Crystal Jackson purchased a life insurance policy from Farmers.  Wharlest Jackson was the sole beneficiary of the policy.  Crystal died in a motorcycle accident and Wharlest made a claim which Farmers denied based on alleged misrepresentations in the policy application.

This life insurance claim opinion is from the Northern District of Texas, Dallas Division, and is styled, Wharlest Jackson v. Farmers New World Life Insurance Company.

Among other causes of action, Jackson has sued Farmers under an insurance policy for violations of the Texas Insurance Code. Farmers has filed a Partial Motion to Dismiss the lawsuit based on the allegation that Jackson has not properly pled violations of Texas Insurance Code, Sections 541.051 and 541.061 claim against Farmers.  The Court reviewed the papers filed with the Court and discussed and ruled as follows.

Crystal Jackson purchased a life insurance policy from Farmers.  Wharlest Jackson was the sole beneficiary of the policy.  Crystal died in a motorcycle accident and Wharlest made a claim which Farmers denied based on alleged misrepresentations in the policy application.

This life insurance claim opinion is from the Northern District of Texas, Dallas Division, and is styled, Wharlest Jackson v. Farmers New World Life Insurance Company.

Among other causes of action, Jackson has sued Farmers under an insurance policy for violations of the Texas Deceptive Trade Practices Act (DTPA). Farmers has filed a Partial Motion to Dismiss the lawsuit based on the allegation that Jackson has not properly pled a DTPA claim against Farmers.  The Court reviewed the papers filed with the Court and discussed and ruled as follows.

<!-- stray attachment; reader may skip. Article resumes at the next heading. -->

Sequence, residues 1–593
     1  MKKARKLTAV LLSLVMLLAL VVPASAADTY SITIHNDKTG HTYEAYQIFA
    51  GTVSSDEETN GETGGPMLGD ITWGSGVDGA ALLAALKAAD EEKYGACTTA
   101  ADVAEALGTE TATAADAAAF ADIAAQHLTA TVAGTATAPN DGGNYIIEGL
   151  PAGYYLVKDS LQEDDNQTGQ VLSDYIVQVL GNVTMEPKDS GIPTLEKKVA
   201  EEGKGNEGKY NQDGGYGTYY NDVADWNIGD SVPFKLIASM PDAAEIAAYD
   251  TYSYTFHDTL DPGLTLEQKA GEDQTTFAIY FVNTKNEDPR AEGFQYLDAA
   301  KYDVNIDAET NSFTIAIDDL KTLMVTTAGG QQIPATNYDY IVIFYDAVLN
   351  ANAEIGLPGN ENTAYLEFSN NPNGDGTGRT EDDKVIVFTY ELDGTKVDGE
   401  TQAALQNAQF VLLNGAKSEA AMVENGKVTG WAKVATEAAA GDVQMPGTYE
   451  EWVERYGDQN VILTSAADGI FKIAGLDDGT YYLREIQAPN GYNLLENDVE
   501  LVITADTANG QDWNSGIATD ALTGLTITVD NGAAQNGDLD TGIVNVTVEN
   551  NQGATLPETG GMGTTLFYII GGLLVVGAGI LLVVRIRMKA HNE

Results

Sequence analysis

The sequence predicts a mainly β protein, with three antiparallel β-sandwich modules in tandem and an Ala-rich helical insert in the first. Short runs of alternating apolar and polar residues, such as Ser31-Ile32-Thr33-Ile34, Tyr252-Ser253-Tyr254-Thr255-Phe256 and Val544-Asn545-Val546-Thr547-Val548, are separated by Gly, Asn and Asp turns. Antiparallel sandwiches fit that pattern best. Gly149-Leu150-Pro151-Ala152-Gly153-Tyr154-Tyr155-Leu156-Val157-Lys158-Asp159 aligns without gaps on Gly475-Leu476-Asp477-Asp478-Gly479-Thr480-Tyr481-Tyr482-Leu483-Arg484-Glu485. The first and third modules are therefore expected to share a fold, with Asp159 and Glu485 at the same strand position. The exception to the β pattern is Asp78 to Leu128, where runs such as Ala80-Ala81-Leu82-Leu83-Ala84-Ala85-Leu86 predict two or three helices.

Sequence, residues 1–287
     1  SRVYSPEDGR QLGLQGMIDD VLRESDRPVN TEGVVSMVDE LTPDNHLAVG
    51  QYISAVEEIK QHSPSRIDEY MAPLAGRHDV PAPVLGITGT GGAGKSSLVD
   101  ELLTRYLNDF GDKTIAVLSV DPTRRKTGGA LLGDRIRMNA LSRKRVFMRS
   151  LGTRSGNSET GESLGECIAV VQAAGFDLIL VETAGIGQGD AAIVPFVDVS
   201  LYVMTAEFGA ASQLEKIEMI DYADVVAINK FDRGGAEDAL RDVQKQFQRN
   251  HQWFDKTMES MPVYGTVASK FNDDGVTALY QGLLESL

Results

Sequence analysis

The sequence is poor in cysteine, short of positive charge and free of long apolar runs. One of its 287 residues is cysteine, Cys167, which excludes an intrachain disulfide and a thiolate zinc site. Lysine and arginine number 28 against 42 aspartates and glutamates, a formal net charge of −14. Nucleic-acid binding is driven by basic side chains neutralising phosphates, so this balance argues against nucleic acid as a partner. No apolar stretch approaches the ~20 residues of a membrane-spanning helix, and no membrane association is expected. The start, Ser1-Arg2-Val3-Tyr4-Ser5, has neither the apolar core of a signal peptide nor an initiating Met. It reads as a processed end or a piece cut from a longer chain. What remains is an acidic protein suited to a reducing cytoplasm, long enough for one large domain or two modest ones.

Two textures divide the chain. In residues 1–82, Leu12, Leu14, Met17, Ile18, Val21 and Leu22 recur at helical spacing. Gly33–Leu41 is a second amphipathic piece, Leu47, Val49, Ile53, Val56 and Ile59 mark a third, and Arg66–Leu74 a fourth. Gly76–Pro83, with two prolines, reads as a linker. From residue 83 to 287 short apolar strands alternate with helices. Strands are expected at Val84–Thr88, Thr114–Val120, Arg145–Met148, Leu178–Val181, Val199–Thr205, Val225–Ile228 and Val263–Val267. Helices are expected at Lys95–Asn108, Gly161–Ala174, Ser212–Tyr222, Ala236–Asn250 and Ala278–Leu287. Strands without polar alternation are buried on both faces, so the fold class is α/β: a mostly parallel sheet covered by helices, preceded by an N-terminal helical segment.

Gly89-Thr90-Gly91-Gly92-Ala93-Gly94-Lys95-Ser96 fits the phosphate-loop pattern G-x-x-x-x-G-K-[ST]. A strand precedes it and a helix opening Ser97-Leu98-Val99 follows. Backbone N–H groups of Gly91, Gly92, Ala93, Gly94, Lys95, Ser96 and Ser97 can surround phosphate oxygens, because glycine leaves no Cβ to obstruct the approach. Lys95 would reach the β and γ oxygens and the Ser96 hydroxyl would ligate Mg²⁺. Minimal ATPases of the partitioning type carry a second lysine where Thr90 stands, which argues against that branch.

Crystal Jackson purchased a life insurance policy from Farmers.  Wharlest Jackson was the sole beneficiary of the policy.  Crystal died in a motorcycle accident and Wharlest made a claim which Farmers denied based on alleged misrepresentations in the policy application.

Here is a 2020, case from the Southern District of Texas, Houston Division, that deals with life insurance wherein the life insurance plan is subject to the Employee Retirement Income Security Act (ERISA). The case is styled, Wagma Mina Huerta v. Metropolitan Life Insurance Company, et al.

This case, filed by Huerta , is an action pursuant to ERISA seeking equitable relief for alleged breaches of fiduciary duty by the Defendants related to the denial of life insurance coverage for the death of Huerta’s husband.

The opinion is lengthy but only a part will be discussed here.  The factual background can be read in the opinion.  In this case, MetLife had filed a motion to dismiss pursuant to Federal Rule 12(b)(6), which allows dismissal of an action whenever the complaint, on its face, fails to state a claim upon which relief can be granted.  United States, 5th Circuit case law states that when considering a motion to dismiss, the court may consider, in addition to the complaint itself, “any documents attached to the motion to dismiss that are central to the claim and referenced by the complaint.”  This is discussed in the 2010, opinion, Lone Star Fund V (U.S.), L.P. v. Barclays Bank PLC.  When a defendant attaches such documents, it “merely assists the plaintiff in establishing the basis of the suit and the court in making the elementary determination of whether a claim has been stated.”